High Court Reinstates Pakistan's Chief Judge

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By Griff Witte
Washington Post Foreign Service
Saturday, July 21, 2007

ISLAMABAD, Pakistan, July 20 -- Pakistan's high court on Friday delivered a stinging rebuke to President Pervez Musharraf, reinstating the country's chief justice four months after Musharraf tried to oust him and jeopardizing the president's plan to hold on to power.

The decision was hailed as a landmark victory by advocates for returning Pakistan to civilian-led, democratic rule, who said it amounts to an unprecedented act of defiance in a country where the judiciary has long bowed to military might.

Since his suspension in March, the judge, Iftikhar Mohammed Chaudhry, has been touring the country and speaking about the dangers of despotism. He will now lead the court at a time when it is likely to hear challenges to Musharraf's plans for extending his tenure, which have been assailed as antidemocratic.

After eight years in office, Musharraf's grip on power has been weakening, and Friday's decision adds significantly to his troubles. With his popularity in decline, he faces strong challenges from moderates who want to defeat him in elections, as well as from insurgents who have killed more than 160 people in recent days with a devastating run of strikes.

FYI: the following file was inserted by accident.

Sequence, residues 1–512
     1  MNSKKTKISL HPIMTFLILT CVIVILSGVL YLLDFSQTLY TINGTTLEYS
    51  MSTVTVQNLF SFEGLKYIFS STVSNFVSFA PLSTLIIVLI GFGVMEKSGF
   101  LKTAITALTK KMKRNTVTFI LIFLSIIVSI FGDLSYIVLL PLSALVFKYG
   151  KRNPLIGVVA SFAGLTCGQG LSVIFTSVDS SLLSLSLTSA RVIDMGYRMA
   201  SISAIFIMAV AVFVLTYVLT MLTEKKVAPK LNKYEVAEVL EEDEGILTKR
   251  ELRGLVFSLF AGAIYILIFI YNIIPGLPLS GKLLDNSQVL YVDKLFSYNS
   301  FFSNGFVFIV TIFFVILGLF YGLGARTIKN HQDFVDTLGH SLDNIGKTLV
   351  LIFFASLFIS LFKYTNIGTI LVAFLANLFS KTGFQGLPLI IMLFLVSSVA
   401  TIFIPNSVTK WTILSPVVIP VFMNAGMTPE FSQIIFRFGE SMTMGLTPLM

He has also faced greater criticism from the United States, which traditionally has given him strong support but now blames his government for allowing al-Qaeda to reorganize in remote tribal areas.

Musharraf's term ends this year. This week, he said he intends to be elected to a new, five-year term by a parliament that is packed with supporters and about to expire. Musharraf, who came to power in a coup, also indicated he plans to stay on as army chief and keep his uniform, a garment that carries huge significance in Pakistan because it represents support from the country's most influential institution -- its military.

Musharraf's opponents have charged that both proposals are constitutionally dubious and say that Friday's ruling shows the judiciary is willing to torpedo his plans.

Chaudhry's attorney Aitzaz Ahsan praised the decision as a victory for justice. "It's a big blow to the Musharraf regime" and "a good omen" for Pakistan, Ahsan said.

Government officials were caught off-guard by the decision to quash the accusations against Chaudhry. They had been prepared for his reinstatement but believed the court would leave open some of the charges and thereby compromise his ability to serve.

The state information minister, Tariq Azim Khan, acknowledged disappointment in the decision but said the government would accept it.

"We believe and hope that cases that come before him will be decided based on merit and he will not bear any grudges," Khan said.

Chaudhry, who had demonstrated an independent streak during his two years leading the court, was suspended by Musharraf on March 9 because of alleged abuses of office. He denied the charges and said in an affidavit that top intelligence agency officials unsuccessfully tried to force him to resign.

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